• One of my biggest jobs in the department is making our master schedule, and we do what we can to improve the quality of life for our contract faculty, such as scheduling them around their individual needs (travel from out of town, childcare, writing/research time, etc.) I can’t give them their first choice all the time, but my assistant and I try, and I think that this effort pays dividends that are both tangible and intangible.
  • Many of them teach first-year writing, but we also work hard to give them a chance to vary that by scheduling them to teach in our Honors Program and giving those with MFAs a chance to teach creative writing and those with PhDs in Lit a chance to teach lower-level literature courses.
  • I believe that there is nothing more important for your self-esteem and your professional identity than the ability to have at least some say in WHEN you teach and WHAT you teach. And if that makes people better teachers, and you have the resources to try and make it happen, why not do it? (I have a full-time assistant named Katie, without whom none of these things would happen.)
  • But consider, too, that we schedule courses for 32 TT faculty, 36 contract faculty, and 40+ graduate students, and hoo boy, you can see why it’s hard. I’ve taught in departments where I was simply given a schedule, no negotiations, and if I did that, just handed out schedules, then I’d have time to do any number of things–create an Alumni Speaker’s Bureau! run an internship program!–but perhaps it’s just as well to keep faculty thriving.

 We introduced a concentration in creative writing.

  • Rather than fight the explosion of interest in creative writing among college students, our department embraced it.
  • Today, creative writing majors outnumber all the other concentrations, even English Education (a close second), but CW majors take a healthy dose of literature courses, which keeps our classes full to bursting.
  • Notably, our CW major includes four genres: fiction and poetry, sure, but also creative nonfiction and best of all, screenwriting–important because Ball State is David Letterman’s alma mater and is very interested in all things visual, media, etc.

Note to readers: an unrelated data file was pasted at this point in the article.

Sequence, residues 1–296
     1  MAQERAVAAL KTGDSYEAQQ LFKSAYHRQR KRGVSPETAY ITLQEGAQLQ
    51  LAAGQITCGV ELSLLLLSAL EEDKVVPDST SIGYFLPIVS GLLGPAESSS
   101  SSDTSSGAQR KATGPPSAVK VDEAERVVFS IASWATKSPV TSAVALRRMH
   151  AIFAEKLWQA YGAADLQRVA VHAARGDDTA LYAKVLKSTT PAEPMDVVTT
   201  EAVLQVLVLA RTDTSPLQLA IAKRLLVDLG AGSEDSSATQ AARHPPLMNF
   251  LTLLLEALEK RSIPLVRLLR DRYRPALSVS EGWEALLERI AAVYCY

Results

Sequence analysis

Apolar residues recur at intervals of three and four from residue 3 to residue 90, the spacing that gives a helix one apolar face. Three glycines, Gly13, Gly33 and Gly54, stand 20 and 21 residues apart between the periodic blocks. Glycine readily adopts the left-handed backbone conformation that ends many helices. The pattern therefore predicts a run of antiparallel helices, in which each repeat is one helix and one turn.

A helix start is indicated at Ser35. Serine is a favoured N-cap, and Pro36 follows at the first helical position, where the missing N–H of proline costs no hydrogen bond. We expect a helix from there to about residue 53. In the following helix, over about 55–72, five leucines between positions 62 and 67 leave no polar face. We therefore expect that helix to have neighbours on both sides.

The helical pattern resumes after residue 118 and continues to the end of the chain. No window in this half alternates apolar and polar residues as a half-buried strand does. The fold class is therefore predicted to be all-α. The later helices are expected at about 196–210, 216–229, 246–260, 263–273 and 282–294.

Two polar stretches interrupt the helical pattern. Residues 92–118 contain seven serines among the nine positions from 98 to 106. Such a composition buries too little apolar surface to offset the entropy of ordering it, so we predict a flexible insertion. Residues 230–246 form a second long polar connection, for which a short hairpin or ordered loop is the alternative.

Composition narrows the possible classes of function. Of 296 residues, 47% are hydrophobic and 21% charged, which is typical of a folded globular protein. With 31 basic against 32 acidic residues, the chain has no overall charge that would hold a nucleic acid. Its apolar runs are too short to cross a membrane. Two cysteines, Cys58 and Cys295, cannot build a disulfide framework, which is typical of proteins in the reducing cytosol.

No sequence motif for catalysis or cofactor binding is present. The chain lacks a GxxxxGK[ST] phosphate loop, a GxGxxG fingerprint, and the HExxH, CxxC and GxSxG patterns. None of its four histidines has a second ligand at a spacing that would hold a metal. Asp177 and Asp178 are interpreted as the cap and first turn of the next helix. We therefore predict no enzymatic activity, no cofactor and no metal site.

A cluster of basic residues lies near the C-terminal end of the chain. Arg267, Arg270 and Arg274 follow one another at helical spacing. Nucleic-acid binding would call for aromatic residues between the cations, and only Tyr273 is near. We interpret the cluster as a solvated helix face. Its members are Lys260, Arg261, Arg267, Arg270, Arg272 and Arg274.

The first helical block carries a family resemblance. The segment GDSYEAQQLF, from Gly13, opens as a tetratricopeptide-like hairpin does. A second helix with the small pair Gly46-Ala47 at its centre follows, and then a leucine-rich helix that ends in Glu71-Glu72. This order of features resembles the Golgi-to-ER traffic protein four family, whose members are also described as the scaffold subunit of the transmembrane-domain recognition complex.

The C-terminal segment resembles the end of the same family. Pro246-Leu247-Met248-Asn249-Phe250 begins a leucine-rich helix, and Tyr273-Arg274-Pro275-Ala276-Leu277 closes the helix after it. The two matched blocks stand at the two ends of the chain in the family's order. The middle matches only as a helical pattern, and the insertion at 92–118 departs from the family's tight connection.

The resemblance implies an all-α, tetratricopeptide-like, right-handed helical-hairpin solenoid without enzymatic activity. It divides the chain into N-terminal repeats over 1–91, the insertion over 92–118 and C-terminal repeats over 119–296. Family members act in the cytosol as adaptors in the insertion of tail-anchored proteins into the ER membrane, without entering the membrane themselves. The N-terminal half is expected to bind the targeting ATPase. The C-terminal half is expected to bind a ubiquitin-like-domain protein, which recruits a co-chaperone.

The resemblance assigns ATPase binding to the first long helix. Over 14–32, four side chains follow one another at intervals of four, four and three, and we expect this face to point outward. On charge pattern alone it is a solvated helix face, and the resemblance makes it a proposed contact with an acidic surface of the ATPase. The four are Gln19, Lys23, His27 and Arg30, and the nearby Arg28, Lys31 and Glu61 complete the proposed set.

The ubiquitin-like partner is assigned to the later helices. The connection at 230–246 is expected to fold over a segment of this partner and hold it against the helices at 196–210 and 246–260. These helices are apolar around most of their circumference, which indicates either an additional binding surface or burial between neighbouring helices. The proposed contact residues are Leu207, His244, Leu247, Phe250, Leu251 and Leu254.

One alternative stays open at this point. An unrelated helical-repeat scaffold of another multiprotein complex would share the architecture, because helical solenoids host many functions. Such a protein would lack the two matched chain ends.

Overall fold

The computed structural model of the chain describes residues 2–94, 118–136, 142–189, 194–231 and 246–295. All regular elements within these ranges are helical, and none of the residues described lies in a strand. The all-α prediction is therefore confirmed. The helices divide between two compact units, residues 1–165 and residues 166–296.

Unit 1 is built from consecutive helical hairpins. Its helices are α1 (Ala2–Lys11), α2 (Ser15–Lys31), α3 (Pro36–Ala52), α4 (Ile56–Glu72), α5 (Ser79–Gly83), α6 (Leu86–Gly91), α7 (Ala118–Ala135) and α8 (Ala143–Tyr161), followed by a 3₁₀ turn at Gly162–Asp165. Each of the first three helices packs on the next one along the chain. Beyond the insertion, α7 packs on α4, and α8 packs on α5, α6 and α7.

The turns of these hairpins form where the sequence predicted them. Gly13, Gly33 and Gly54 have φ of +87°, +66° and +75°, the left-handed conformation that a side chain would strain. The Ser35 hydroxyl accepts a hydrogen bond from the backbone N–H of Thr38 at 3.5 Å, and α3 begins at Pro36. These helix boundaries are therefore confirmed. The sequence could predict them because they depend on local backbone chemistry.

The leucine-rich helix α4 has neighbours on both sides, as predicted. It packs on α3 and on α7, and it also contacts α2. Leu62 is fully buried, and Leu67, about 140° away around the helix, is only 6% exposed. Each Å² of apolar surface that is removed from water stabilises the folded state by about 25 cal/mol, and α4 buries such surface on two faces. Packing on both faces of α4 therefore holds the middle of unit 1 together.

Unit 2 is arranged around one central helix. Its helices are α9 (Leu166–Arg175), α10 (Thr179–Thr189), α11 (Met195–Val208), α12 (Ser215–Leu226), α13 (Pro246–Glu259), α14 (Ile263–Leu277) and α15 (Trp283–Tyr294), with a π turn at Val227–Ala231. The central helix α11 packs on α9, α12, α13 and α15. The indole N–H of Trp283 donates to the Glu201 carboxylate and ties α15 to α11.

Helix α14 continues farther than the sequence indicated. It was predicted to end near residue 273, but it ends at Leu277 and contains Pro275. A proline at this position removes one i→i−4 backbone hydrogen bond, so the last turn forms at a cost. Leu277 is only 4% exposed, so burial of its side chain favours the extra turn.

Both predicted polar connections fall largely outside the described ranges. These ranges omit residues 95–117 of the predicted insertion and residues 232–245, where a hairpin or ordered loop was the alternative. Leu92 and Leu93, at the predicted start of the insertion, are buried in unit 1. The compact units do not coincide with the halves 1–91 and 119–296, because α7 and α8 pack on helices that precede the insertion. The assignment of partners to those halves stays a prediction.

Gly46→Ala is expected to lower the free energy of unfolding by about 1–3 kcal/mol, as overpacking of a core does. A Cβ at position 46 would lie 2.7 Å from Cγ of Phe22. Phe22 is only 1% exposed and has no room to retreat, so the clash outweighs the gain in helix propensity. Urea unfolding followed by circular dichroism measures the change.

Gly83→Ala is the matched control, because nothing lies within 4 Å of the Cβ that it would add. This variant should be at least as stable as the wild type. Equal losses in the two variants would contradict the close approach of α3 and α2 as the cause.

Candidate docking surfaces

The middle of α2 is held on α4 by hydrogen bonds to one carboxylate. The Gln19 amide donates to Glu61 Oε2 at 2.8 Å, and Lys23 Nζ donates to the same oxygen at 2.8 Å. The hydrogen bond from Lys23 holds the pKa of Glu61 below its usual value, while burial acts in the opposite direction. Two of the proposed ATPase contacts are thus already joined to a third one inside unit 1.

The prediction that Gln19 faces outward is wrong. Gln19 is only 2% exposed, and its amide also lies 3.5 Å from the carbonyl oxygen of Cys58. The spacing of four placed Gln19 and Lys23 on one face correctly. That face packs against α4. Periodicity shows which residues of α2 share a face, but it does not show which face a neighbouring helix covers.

We introduced and marketed our highly appealing minors both inside and outside the department.

  • Creative writing is a very popular minor for many majors.
  • So is our Professional Writing and Emerging Media minor.
  • So is our Film/Screenwriting minor.
  • I think our new minor in TESOL will be very popular as well.

We are visible and have a lot of community IRL and online

  • We don’t have a huge programming budget, like say Butler University. But we do have lively co-curricular programming that’s well attended by students all over campus.
  • In the spring, that’s our In Print Festival of First Books (created by Jill Christman).
  • We have a student-run writing group called the Writer’s Community where students read, write, organize readings, and support each other.
  • My predecessor Dr. Adam Beach started a department blog and social media for the department in 2010, and he figured out a way to leverage our work-study student secretaries to work on public relations when they aren’t answering phones or making copies.
  • When I took over in 2014, I tried to grow our digital community so that students and faculty might feel more part of an IRL community. I talked about those initiatives here.

We address our students’ concerns about “What am I going to do with this degree?”

 We partner with popular majors at our institution.

  • TCOM is one of the most popular majors at Ball State, and all Video Production majors there must take some of our “storytelling” classes in creative writing.
  • Many of them stick around to pick up minors with us, and that has been a very good thing for us.
  • In addition, their “hard skills” are augmented by our soft ones.

There’s much more to say. In my next post, I’ll share some other strategies.

Higher Ed